1

6

 Hyponatremia

3

18

    

3

18

 Hypocalcemia

3

18

    

3

18

 Hypokalemia

2

12

    

2

12

 Hypophosphatemia

1

6

    

1

6

 Hypoalbuminemia

3

18

    

3

18

 ALT, SGPT

2

12

    

2

12

 AST, SGOT

2

12

    

2

12

 Hyperbilirubinemia

1

6

    

1

6

 Hypercholesteremia

2

12

    

2

12

 Hypertriglyceridemia

2

12

    

2

12

 Hyperuricemia

1

6

    

1

6

Neurologic

 Pain

4

24

    

4

24

 Neuropathy, sensory

2

12

    

2

12

 Dizziness

1

6

    

1

6

 Somnolence

1

6

    

1

6

Renal

 Creatinine

1

6

  

1

6

2

12

Musculoskeletal

 Musculoskeletal disorder

1

6

    

1

6

Cardiovascular

 Supraventricular and nodal arrhythmia

1

6

    

1

6

Skin

 Rash/desquamation

2

12

    

2

12

Patient #11 had severe abdominal pain shortly after starting the treatment, and was off the study as “unlikely” related to treatment.

Correlative studies

Only pretreatment tumor specimens were collected, including 20 blood specimens and ten tumor biopsies that were performed 72 h after initiation of UCN-01 treatment (seven patients) and 16 buccal mucosa samples (six patients). Ten pre-treatment tumor specimens were analyzed for p27, ki-67, RB and p-RB expression by IHC. As shown in Table 3, three patients had low p27 expression and two had high Ki-67 expression. Of four patients who had sufficient tumor specimens for the analyses of RB and pRB expression, two had no RB expression and none had pRB expression. Of note, except for one patient who did not have sufficient tumor specimen for the assessment of RB and pRB expression, all other six patients had at least one abnormal expression of these cell cycle markers.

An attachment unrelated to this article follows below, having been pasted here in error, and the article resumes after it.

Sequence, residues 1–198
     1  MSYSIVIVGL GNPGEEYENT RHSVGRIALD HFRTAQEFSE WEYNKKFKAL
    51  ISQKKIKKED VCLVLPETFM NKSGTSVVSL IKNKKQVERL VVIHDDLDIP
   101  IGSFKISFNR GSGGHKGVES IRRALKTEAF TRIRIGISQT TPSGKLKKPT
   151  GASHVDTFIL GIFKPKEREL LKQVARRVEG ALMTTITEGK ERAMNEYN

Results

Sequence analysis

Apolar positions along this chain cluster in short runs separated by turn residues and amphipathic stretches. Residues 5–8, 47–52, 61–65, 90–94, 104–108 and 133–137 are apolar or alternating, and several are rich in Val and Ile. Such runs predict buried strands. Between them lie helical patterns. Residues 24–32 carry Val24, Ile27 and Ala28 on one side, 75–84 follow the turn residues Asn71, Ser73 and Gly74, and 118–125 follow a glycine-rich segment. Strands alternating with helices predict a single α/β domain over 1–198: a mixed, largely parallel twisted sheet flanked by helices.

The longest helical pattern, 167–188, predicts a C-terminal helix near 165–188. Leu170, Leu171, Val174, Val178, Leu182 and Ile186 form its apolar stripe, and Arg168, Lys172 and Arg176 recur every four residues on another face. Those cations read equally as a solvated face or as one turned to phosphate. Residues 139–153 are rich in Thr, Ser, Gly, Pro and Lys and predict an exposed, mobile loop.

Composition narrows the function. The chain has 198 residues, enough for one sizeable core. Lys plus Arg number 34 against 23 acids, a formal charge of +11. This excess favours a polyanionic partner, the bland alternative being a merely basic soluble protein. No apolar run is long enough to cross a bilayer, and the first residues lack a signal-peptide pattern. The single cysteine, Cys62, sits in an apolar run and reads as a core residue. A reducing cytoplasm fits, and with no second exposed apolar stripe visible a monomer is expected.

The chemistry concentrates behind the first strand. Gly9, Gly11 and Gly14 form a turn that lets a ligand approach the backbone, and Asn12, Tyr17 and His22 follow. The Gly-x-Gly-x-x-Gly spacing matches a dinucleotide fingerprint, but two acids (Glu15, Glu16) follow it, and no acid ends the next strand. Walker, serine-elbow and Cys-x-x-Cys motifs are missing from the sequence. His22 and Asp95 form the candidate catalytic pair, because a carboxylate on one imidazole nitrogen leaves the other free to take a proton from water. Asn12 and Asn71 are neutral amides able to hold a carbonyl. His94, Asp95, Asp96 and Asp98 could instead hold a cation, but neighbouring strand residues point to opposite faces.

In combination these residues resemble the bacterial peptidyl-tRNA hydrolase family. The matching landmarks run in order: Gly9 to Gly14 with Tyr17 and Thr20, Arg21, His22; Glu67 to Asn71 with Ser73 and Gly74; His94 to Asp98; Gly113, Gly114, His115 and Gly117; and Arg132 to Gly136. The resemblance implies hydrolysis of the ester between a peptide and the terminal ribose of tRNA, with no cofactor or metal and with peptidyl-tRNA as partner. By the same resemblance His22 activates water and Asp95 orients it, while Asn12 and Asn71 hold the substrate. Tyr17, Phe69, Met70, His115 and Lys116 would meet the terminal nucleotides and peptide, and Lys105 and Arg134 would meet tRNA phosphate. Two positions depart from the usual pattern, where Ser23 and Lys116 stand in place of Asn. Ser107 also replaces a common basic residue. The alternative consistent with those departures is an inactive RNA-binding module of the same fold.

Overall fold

Table 3

Summary of correlative studies

Patient no.

IHC

IL-6 level (pg/mL) by ELISA

(N = 7)

p27

Ki-67

RB

p-RB

Pre-treatment

Pre-second treatment

At disease progression

UCD-001

30%

30%

30%

0

1.8

12.5

UCD-002

0

50%

60%

0

110.5

328.7

213.2

UCD-003

90%

60%

0

0.3

10.9

UCD-004

80%

35%

0

0

6.3

7.8

16.7

UCD-005

90%

40%

UCD-006

100%

90%

2.6

5.0

6.0

UCD-007

0

10%

0

0

3.7

13.5

7.8

IHC immunohistochemistry stain. ELISA Enzyme-Linked Immunosorbent Assay

The reported normal value for IL-6 was 4.3 pg/mL

Buccal mucosa samples were assayed for p27 expression by Western blot. No p27 expression was detected in these samples. Only two of the seven serum samples had sufficient tumor-shed serum DNA for assessing the methylation status of p16 promoter: patient 002 had methylated p16 (RB IHC 60% positive) and patient 004 had unmethylated p16 expression (RB IHC zero; data not shown). These data are consistent with the previous report that abnormalities of p16 and RB genes, both constituents of the G1 checkpoint pathway, are mutually exclusive in clinical samples [28]. Interleukin-6 (IL-6) is a pleiotropic cytokine that modulates gene expression in a number of target cell types, including melanoma cells. We observed that plasma IL-6 levels by ELISA were elevated by at least two folds in post-treatment samples compared to the pre-treatment samples, reflecting the progression of disease. Since no objective response was observed in this study, no statistical correlation could be performed.

Discussion